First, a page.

MarkWest’s Houston, Pa., gas processing complex has emerged as a midstream hub serving the Marcellus play. Source: MarkWest Energy Partners LP

Most investors live by the adage of buy low and sell high, he said, and unless the bank is breathing down their necks, companies will probably want to hold onto their assets.

“I don’t know that we’re going to see a lot of fire sales, just based on how few people really have to sell something and also, we oil and gas folks can be eternal optimists,” Davis said. “We often think oil and gas prices are going to come back up so some folks are reticent to sell in a down-price market when they don’t think it’s going to last very long. By the way, I do think prices are going to come back up.”

M&A candidates

Which companies might be targets for acquisition? Sibal said names that traded down during the end of 2014 would be likely candidates.

“Targa [Resources Partners LP] shouldn’t be a surprise to anybody. They have disclosed their [merging] discussion with Energy Transfer; and the [company] was trading at 35% to 40% discounted levels from that time,” he said. “Targa just bought [Atlas Energy Inc.] and once they are past closing in the first quarter, then [Targa] becomes a cleaner candidate. Timing may be an issue for them, but their asset footprint is very desirable, and they are likely to be on a lot of people’s radar screens.”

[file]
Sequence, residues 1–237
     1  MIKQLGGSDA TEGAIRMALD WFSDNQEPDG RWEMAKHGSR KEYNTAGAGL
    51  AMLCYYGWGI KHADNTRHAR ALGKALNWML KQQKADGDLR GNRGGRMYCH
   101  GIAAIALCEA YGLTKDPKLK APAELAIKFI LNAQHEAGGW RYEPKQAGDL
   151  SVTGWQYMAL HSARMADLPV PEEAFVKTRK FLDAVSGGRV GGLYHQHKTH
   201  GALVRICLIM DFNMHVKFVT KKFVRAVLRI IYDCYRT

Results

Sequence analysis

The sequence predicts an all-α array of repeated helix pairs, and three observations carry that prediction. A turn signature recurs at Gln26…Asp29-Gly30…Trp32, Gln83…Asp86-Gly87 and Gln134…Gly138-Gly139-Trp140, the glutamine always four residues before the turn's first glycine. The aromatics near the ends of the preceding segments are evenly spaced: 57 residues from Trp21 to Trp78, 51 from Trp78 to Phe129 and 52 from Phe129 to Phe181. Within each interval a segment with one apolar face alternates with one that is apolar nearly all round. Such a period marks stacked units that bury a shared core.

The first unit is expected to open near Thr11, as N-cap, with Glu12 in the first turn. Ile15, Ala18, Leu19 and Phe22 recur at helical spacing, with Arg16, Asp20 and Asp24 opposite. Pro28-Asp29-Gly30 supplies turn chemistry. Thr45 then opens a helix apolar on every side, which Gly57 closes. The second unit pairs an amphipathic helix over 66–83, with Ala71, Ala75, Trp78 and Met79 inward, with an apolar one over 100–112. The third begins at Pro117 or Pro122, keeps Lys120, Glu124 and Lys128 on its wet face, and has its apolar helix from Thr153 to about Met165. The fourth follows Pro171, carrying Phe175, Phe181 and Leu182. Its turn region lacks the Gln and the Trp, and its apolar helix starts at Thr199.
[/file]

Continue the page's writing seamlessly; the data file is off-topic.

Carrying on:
Another MLP that may be in the crosshairs is MarkWest Energy Partners LP, he said. MarkWest has a solid footprint in the Marcellus and Utica plays, but its units have traded down in a 52-week range—January to January—from $80.79 to $58.62.

Still, in second-half 2014, MarkWest was busy announcing expansion plans at its Keystone complex in Butler County, Pa., and closed on a $500 million public offering to pay off some debt and apply toward capex.

Sabil said that considering MarkWest’s performance as a whole, the company probably outperformed, but if its units continue to trade weak, “We could even see them as a candidate.”

Oil prices punch